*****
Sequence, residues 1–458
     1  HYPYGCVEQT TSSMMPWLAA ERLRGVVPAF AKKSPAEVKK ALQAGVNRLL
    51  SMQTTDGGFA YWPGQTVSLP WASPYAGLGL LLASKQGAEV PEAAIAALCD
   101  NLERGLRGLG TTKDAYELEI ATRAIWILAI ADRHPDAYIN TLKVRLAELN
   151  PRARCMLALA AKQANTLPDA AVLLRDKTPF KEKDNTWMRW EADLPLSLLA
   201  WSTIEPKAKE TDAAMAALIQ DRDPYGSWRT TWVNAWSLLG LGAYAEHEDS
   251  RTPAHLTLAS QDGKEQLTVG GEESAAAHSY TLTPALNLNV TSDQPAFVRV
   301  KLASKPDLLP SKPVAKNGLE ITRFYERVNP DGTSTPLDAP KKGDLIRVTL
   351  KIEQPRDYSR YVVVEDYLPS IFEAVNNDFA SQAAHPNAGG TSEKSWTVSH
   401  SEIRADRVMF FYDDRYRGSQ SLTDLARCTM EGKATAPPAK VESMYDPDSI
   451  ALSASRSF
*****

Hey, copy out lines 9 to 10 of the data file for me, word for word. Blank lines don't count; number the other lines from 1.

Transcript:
   351  KIEQPRDYSR YVVVEDYLPS IFEAVNNDFA SQAAHPNAGG TSEKSWTVSH
   401  SEIRADRVMF FYDDRYRGSQ SLTDLARCTM EGKATAPPAK VESMYDPDSI